Who are the financial projections for?

The purpose of the projections is very important.  If its for investors, then you will have to put a bit more time into making sure that your assumptions are solid and that they can withstand robust interrogation by professional investors.  You will probably have to have prepared a couple of scenarios so that you can deal with what if questions.

If you are preparing them for your own internal use, you will still want reliable numbers but you will likely not be as concerned about presentation and you may  be more confident in your assumptions so you will not be as anxious to explore as many different scenarios.

Do you have reliable figures for the opening position?

Sometimes I have been asked to prepare projections for businesses that don’t have management accounts.   In that case, you have to either start the projections for the last good set of accounts or else estimate the management accounts.

Its obviously preferable and highly recommended that a business have management accounts.  However you  can only work with what you have.  So sometimes, you have to invest more time in trying to establish and be confident about the starting position.

How many reviews will be necessary before you are happy with the outcome?

Once I prepare the first pass, then we sit and review the outputs.  At that point,  any issues that you will have with both the assumptions and other key inputs will become clear.  Depending on the significance of these issues, we will have to invest time in refining the inputs and the assumptions.

For some businesses, there will be no issues.  This is usually the case for more mature businesses where the owner has a really good understanding of the businesses.

For other businesses, typically earlier stage businesses or businesses where the owners have not prepared projections before, then the first pass will usually generate a lot of discussion points and the owner may need to take some time to consider the inputs.  The owner may also need to have a few different iterations run to better understand the significance of the various assumptions


As you will understand from reading the article, there are a lot of factors that determine the costs.   Every business is different and its not possible to give a simple answer as to the cost of preparing projections.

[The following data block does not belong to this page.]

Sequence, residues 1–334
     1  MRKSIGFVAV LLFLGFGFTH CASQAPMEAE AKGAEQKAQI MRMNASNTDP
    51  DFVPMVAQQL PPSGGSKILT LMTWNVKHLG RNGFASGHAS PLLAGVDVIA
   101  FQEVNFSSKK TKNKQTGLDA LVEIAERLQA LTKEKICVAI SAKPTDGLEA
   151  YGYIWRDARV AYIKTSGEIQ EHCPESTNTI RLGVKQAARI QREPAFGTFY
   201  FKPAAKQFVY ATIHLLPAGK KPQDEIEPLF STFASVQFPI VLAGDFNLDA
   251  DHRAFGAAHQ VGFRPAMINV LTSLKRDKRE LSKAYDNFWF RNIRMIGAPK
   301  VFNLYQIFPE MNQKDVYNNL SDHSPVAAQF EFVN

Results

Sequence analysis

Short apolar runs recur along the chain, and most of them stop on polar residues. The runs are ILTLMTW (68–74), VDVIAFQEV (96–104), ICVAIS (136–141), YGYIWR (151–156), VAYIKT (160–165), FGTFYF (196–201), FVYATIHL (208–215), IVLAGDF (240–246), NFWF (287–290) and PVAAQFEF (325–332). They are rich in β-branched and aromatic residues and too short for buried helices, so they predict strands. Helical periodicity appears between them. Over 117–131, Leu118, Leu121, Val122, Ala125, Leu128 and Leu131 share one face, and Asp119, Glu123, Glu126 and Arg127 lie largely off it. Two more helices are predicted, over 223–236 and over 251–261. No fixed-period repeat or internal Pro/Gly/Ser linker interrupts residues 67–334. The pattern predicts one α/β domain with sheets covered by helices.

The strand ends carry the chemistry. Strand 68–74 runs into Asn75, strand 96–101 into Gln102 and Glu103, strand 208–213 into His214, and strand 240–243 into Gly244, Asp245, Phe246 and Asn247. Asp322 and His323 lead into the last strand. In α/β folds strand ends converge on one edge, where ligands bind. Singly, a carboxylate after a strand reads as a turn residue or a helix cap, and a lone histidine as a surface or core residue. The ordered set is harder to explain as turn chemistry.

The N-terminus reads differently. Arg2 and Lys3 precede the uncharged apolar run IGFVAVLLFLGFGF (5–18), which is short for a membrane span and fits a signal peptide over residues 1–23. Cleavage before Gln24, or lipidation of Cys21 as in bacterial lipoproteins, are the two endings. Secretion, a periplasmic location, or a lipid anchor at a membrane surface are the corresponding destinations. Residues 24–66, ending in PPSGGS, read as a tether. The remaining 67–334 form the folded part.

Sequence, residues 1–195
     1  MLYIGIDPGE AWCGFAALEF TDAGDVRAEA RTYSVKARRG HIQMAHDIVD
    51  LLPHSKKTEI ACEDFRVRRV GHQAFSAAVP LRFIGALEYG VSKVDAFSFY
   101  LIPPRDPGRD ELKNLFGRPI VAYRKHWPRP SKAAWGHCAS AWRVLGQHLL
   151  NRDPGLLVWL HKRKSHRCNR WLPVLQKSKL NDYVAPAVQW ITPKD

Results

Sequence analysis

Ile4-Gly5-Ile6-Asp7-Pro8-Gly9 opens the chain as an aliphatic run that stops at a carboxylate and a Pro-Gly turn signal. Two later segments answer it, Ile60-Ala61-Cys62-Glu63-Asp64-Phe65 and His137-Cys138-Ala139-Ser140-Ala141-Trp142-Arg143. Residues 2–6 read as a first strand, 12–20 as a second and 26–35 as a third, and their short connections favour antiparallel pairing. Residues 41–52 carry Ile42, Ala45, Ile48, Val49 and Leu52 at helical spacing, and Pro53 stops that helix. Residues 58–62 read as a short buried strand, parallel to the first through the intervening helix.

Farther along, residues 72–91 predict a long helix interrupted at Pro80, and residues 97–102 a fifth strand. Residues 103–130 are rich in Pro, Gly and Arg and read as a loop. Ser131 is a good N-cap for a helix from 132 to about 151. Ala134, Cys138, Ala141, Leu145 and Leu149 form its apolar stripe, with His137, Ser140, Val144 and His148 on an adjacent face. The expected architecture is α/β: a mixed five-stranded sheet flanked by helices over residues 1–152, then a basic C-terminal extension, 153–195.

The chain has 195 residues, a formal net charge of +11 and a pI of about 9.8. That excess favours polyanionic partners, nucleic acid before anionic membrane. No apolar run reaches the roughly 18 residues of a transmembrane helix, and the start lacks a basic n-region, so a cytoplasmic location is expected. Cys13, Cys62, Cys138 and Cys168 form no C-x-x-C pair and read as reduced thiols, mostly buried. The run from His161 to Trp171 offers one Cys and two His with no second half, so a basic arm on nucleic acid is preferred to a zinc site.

What I can do is give you some guidelines.

The shortest time has been about 2-4 hours to prepare projections for a small retail operation that had already got a good handle on the business.  In cost terms, that will work out between €200 and €500.

For a more complex manufacturing business trying to raise money from investors, the time to prepare projections has been 3-4 days.   In that case, you are looking at a cost of €2000-3000.

I would usually find around two days, say € 1400-1500, is a good estimate for most businesses but, as you will now appreciate, there are many factors that can change that.

Before offering a firm estimate, I prefer to meet with the client, initially, so that I can understand exactly will be involved.  That will give me more confidence in my estimates.

If you are thinking about having projections done, feel free to contact me so that I can give you a cost estimate tailored to your unique circumstances.

Do you know much it costs you to open your doors in the morning? Thats the easiest way to predict your business costs.

There is a friend of mine, a retired banker who describes business owners in control of their business as ‘they know exactly how much it costs them to open their doors in the morning.’  Are you one of those businesses?  Many people think that this is a very difficult thing to do, but in fact, it’s not. In this article, we will discuss how to get better at predicting business costs.